SQL NOT NULL Constraint :
In this article i will give the basic idea about the SQL Constraints and how it is used in real life scenarios. In Previous article I have given the basic idea about the functions in SQL with real world scenarios.’SQL Constraints’ means rules and regulations to normalize the data. SQL constraints are used to specify rules for the data in a table. If there is any violation between the constraint and the data action, the action is aborted by the constraint. Constraints can be specified when the table is created (inside the CREATE TABLE statement) or after the table is created (inside the ALTER TABLE statement).Constraints could be column level or table level. Column level constraints are applied only to one column where as table level constraints are applied to the whole table. In This article I will focus on Different real life scenarios and examples of SQL NOT NULL Constraint.
‘SQL Constraints’ means rules and regulations to normalize the data
Following is one line description for all SQL Constraints:
- NOT NULL – Indicates that a column cannot store NULL value
- UNIQUE – Ensures that each row for a column must have a unique value
- PRIMARY KEY – A combination of a NOT NULL and UNIQUE. Ensures that a column (or combination of two or more columns) have an unique identity which helps to find a particular record in a table more easily and quickly
- FOREIGN KEY – Ensure the referential integrity of the data in one table to match values in another table
- CHECK – Ensures that the value in a column meets a specific condition
- DEFAULT – Specifies a default value when specified none for this column
- INDEX: Use to create and retrieve data from the database very quickly.
1) SQL NOT NULL :
By default, a table column can hold NULL values. The NOT NULL constraint enforces a column to NOT accept NULL values.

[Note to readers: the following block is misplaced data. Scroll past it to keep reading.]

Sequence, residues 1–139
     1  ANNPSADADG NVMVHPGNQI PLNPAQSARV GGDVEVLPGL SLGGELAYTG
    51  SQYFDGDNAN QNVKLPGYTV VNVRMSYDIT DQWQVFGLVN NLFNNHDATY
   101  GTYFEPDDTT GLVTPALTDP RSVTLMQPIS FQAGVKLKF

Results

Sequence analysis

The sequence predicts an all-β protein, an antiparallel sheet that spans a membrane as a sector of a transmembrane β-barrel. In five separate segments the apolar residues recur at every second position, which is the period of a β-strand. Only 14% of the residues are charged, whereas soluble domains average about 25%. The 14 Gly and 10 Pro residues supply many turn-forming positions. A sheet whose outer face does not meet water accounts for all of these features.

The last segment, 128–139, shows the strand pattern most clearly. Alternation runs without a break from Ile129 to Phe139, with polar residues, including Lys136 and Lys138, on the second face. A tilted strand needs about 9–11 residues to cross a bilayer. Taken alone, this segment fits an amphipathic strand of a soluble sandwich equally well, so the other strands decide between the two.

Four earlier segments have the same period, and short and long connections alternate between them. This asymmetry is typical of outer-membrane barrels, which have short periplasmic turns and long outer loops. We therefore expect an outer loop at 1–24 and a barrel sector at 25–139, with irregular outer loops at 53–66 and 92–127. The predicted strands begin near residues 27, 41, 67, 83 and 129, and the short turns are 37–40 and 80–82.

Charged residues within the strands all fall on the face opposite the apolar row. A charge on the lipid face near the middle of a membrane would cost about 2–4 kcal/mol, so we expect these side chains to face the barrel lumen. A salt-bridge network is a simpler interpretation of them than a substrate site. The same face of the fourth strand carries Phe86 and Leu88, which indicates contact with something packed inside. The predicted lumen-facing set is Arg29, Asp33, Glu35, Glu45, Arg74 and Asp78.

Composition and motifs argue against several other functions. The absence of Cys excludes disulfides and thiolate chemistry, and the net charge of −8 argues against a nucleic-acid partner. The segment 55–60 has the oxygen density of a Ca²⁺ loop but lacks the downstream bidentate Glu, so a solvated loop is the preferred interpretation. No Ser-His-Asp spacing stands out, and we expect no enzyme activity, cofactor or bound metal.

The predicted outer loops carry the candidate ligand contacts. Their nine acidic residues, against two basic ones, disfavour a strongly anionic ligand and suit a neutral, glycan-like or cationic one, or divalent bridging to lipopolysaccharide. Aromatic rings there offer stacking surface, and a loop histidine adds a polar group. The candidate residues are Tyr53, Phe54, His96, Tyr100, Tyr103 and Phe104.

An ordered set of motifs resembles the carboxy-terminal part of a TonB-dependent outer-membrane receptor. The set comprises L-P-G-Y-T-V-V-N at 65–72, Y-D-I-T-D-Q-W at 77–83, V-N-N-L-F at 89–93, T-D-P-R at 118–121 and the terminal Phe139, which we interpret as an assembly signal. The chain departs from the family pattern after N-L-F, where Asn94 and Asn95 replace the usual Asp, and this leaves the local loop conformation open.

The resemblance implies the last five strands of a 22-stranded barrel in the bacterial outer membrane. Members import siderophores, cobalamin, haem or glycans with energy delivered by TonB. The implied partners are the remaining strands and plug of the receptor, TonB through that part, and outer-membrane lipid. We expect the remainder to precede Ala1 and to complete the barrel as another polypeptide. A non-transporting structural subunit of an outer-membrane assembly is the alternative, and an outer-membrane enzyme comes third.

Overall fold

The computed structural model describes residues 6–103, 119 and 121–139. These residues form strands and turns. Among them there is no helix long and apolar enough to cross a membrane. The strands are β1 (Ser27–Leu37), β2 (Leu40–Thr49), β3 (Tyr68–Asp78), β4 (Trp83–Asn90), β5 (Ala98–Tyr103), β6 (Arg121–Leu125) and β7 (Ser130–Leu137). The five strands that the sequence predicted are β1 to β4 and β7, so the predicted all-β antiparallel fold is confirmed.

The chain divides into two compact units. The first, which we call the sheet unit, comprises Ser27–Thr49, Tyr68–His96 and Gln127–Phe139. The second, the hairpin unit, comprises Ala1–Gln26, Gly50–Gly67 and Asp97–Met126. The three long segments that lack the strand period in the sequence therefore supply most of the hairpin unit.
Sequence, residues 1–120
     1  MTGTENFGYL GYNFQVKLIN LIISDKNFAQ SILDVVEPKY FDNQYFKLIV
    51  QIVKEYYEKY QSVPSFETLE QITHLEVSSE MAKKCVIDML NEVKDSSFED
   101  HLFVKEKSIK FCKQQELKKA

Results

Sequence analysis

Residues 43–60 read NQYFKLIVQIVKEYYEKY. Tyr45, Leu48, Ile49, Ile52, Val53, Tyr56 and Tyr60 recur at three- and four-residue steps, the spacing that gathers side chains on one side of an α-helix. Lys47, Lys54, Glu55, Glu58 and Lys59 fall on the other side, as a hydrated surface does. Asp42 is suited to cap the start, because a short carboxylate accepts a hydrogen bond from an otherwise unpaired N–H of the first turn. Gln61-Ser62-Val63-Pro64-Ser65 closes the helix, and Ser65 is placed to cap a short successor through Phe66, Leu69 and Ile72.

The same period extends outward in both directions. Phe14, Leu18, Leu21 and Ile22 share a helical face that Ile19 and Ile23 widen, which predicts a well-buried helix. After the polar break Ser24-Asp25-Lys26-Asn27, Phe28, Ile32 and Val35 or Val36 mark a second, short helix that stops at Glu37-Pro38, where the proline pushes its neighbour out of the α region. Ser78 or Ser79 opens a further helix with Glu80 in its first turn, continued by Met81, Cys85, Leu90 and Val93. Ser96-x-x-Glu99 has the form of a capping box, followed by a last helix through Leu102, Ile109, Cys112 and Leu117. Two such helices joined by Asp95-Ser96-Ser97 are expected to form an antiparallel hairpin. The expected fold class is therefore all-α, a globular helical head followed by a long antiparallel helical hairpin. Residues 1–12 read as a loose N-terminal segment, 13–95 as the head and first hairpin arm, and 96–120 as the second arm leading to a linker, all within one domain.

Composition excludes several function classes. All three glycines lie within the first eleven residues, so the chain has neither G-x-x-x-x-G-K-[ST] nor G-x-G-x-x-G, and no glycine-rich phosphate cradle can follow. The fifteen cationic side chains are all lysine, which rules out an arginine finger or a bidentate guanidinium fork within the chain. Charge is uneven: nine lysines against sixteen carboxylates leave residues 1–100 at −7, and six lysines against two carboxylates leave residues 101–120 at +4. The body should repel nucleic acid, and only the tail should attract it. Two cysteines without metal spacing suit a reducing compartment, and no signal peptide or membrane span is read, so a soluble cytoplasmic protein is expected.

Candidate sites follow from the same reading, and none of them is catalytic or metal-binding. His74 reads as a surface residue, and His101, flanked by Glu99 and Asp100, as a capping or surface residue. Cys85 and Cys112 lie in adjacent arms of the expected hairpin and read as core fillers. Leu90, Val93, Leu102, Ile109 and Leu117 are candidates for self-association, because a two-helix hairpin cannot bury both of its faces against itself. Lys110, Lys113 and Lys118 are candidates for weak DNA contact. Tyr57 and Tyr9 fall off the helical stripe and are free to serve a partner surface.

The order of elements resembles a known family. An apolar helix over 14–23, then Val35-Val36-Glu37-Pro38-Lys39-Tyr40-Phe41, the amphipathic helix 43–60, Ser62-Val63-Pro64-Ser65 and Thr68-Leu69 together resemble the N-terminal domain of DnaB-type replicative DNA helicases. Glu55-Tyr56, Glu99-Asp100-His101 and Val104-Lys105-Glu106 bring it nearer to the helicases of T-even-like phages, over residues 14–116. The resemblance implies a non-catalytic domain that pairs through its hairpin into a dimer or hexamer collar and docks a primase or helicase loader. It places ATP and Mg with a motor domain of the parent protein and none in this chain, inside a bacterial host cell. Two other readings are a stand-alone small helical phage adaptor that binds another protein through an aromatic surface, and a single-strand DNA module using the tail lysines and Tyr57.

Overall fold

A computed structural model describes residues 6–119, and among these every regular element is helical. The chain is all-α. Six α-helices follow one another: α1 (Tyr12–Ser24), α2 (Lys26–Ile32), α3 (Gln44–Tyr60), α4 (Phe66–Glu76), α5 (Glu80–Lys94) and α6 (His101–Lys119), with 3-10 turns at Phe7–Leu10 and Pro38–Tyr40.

The NOT NULL constraint enforces a field to always contain a value. This means that you cannot insert a new record, or update a record without adding a value to this field.
How to add SQL NOT NULL Constraint?
Real life Example:
The following SQL enforces the “RollNo” Column to NOT accept NULL values:
CREATE TABLE Student
RollNo Number (10) NOT NULL,
FName Varchar2 (15),
LName Varchar2 (15),
Location Varchar2 (20)
INSERT INTO Student
VALUES (101, ‘Rahul’, ‘Gandhi’, ‘Ranchi’);
INSERT INTO Student1 (RollNo, FName, LName, Location)
Values (”,’Rahul’, ‘Gandhi’, ‘Ranchi’);
ERROR at line 2:
ORA-01400: cannot insert NULL into (“Rahul”.”STUDENT”.”ROLLNO”)
Note: NOT NULL Constraint can be defined only at a Column level.
To DROP NOT NULL Constraint:
To Drop a NOT NULL Constraint, use the following SQL:
ALTER TABLE <Table_Name>
DROP CONSTRAINT <Constraint_Name>;
To find System Constraint:
SELECT Table_Name, Constraint_Name FROM User_Constraints;
ALTER TABLE Student1
DROP Constraint SYS_C005021;
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